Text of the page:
Songs You May Have Missed #617

Tir Na Nog: “The Gangway” (2017)

The warm, faintly antique-sounding folk sound of Sonny Condell and Leo O’Kelly is intact on 2017’s The Dark Dance LP, as if it hadn’t been forty-four years since their last album (1973’s Strong in the Sun, commemorated on a page linked below).

Over their brief, three-record major label stint, they evolved somewhat from the pure acoustic sound heard here to more of a full-fledged rock band configuration, albeit one fronted by two guys wielding acoustic guitars. But their songs seemed most comfortable in the most rustic of settings: mostly acoustic with spare ornamentation to distract or detract from the haunting melodies and the spell of two voices intertwining harmonies.

Timeless stuff.

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Songs You May Have Missed #395


Tir Na Nog: “So Freely” (1972)

Music is life. Or a reasonable facsimile thereof. It’s like a tinted piece of glass we look through to see the reality of our lives more colorfully, more richly.

We need a wide variety of music to accompany the diversity of our life experiences, and to complement all of our many moods. This is something I’ve repeated so often that I sound like a corrupted digital music file (another good metaphor sacrificed to modern technology…) And in fact I have trust issues when it comes to people who like only one type of music; they’re usually less in touch with themselves.

When my ears still ring with Saturday night’s thumpa-thumpa I usually want Sunday morning to sound like a soft sigh. Something acoustic, something organic makes for the ideal aural/attitudinal palate cleanser.

For a period of several weeks as a teenager, my Sunday morning routine began with side two of Tir Na Nog’s Strong in the Sun LP (see link below, and in particular the song “In the Morning”). The previous week washed away and I gathered myself for the one upcoming. There was an ebb and flow to my week, and to my year. And music marked every swelling and falling, and the passing of every season–literal or emotional. Because music is life.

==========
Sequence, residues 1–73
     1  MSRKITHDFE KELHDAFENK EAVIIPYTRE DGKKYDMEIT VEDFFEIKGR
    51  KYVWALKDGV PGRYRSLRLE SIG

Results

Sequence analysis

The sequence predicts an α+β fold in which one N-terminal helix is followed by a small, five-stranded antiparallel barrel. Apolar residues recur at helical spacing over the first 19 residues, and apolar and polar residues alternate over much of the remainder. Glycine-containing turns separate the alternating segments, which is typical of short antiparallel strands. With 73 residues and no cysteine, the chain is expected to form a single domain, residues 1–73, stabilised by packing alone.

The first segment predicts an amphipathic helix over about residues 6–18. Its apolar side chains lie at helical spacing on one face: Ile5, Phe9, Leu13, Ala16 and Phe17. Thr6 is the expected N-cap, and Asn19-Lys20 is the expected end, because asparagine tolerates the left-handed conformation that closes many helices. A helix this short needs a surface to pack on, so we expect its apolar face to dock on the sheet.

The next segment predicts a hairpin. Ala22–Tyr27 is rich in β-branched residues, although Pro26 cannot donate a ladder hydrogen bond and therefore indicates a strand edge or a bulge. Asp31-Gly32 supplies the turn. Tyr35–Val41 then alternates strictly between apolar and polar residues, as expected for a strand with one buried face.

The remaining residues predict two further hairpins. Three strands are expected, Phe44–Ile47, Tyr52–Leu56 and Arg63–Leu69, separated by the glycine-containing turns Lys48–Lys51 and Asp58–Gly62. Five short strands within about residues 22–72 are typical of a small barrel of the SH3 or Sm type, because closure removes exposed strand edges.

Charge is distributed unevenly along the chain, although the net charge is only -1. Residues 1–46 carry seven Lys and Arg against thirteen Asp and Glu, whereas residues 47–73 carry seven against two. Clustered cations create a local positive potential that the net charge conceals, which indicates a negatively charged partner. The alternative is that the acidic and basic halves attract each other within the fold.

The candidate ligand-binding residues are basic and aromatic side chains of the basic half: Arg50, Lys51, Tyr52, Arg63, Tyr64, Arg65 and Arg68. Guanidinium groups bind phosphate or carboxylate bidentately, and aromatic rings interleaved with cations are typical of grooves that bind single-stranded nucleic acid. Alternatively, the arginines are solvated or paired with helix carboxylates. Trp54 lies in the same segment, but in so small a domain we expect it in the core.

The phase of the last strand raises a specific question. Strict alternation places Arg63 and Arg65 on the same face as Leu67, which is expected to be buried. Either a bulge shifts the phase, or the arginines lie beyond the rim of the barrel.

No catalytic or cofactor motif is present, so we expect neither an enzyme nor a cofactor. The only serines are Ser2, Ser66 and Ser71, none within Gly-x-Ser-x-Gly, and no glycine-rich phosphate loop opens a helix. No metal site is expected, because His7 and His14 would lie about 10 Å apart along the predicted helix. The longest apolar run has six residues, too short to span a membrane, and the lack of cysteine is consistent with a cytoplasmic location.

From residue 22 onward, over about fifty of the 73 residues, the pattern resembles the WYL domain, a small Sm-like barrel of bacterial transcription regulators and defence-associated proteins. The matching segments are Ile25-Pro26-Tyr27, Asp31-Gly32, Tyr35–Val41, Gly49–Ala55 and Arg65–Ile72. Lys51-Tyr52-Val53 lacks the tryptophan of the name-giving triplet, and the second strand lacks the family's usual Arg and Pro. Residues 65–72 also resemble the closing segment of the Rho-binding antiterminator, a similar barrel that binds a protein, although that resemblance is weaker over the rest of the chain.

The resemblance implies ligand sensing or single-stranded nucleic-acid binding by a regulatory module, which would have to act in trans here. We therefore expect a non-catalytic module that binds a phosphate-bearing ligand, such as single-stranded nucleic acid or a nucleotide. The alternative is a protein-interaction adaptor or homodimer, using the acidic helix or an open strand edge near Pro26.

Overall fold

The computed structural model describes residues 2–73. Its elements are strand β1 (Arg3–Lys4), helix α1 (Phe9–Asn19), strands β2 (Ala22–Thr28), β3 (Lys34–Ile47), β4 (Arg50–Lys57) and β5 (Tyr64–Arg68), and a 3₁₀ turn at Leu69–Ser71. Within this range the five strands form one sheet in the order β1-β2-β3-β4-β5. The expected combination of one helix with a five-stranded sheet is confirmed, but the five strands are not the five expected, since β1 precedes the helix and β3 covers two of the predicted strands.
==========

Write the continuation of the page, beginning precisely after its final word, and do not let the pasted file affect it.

I recommend Tir Na Nog to anyone who likes Nick Drake.

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Recommended Albums #30

Tir Na Nog: Strong in the Sun (1973)

For ears accustomed to contemporary pop music alone, this one’s a reach. But for the more adventurous ear, or for those who like 70’s Irish and English pop-folk, this is an album you should know about. As one reviewer put it: If you like it, you’ll love it.

Tir Na Nog are Sonny Condell and Leo O’Kelly, who met in Dublin in 1969. Discovering that they both had plans to relocate and give the more extensive London folk scene a go, they decided to form a duo. On their arrival in London, not only were they able almost immediately to line up a steady stream of gigs, but within a week their demo tapes earned them a contract from Chrysalis Records.

Their Celtic-rooted folk, with intricate guitar accompaniment and idiosyncratic lyrics made an immediate impression on folk and rock audiences alike; not only did they headline shows at colleges and London folk clubs, but they toured Europe in support of arena-filling acts such as Jethro Tull, Hawkwind, Fairport Convention, Steeleye Span, Procol Harum, The Who, Cat Stevens, Roxy Music and Elton John.